Release Year: 1991
This is an album that I didn’t always like when I first got into Green Day, but as I’ve gotten older I have come to the realization that it is a great album. It may not be my favorite Green Day record, but it’s not bad like I once thought it was. This isn’t their first album, but rather a combination of their first album (39/Smooth) and two EPs (Slappy and 1,000 Hours).
The album opens with the awesome track “At the Library.” There’s this dirty, rough sounding riff that opens the track and is then followed by a young Billie Joe singing “Hey there looking at me…” We then get on the fast track with the next song “Don’t Leave Me.” This has a seemingly simple, speeding guitar riff playing throughout the song, which shows Billie’s talented guitar playing.
Just about all of the songs are loud and fast, but we do get a break with the track “Rest.” This may not be the greatest slow Green Day track, but it’s pretty good for being on a first album. There’s some interesting singing from Billie and Mike along with some hypnotic guitar playing. I love it when they shout out “Angel!” It’s a bit unexpected and sort of reminds me of something that would be in a doo-wop song. This song shows how the band is capable of stepping away from the fast paced songs and is able to slow it down, but can still not lose their sound.
This album also shows how the band were already pretty well established songwriters. Sure, a lot of the tracks deal with girls or lack there of, but there are other songs that deal with the pain of getting older and rejection. It shows that even for their young age, the boys were thinking about more than just girls and teen angst.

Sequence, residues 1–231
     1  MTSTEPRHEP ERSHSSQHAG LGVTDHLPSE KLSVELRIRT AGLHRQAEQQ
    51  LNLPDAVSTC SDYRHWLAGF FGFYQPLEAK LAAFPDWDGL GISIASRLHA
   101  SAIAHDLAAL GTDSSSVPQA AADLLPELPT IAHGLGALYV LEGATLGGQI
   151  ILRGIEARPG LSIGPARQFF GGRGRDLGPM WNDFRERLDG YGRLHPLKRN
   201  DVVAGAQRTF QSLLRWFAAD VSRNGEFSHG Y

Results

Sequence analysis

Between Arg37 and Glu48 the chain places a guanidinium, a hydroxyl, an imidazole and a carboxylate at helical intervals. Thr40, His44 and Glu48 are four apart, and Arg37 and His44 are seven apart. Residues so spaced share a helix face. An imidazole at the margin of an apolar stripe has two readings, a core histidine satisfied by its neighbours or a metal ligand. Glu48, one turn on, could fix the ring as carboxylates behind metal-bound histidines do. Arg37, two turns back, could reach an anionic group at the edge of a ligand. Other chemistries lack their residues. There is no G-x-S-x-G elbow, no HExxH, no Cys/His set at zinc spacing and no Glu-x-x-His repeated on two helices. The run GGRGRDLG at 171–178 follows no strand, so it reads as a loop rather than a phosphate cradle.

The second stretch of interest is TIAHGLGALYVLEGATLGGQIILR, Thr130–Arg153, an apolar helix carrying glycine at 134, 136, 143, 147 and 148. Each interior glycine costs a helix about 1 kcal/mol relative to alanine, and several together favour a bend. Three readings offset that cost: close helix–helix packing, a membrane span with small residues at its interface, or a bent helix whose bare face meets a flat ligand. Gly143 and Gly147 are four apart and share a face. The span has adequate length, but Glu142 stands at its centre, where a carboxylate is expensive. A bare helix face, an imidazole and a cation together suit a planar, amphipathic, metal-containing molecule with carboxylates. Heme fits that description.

Just as with most debut albums, this one is not perfect. For one, this album has nineteen tracks and it gets to the point where there are so many songs that some of the other songs get overlooked. Some songs seem to have trouble standing out from others. It’s not that these songs are bad. They might sound similar to other tracks on the album that they blend together a bit.
While this album doesn’t really stray away from what the band would do later in their career there are some slight differences. The biggest one being Billie is more experimental with his singing. You can hear this the most in “Paper Lanterns” and “Rest.” You can still hear Billie’s infamous fake British accent while he’s singing, but the singing is different, as if he was trying to figure out which style he likes best. And while the guitar work isn’t as elaborate as it is in their later stuff, you can still hear some fancy guitar work in the track “409 in Your Coffee Maker.” The mini solo in the track is just amazing and it’s short enough to not grow tiring or repetitive. There’s also another great solo in “Only of You.”
The songs may not have as much energy as the band’s later work, but it’s still a pretty good album and I give it 8/10. All of the songs are catchy (just like most songs from the band ) and it definitely shows promise from the band. It may be difficult to get into when you first listen to it, but it’s one of those albums that the more you hear it, the more you fall in love with it.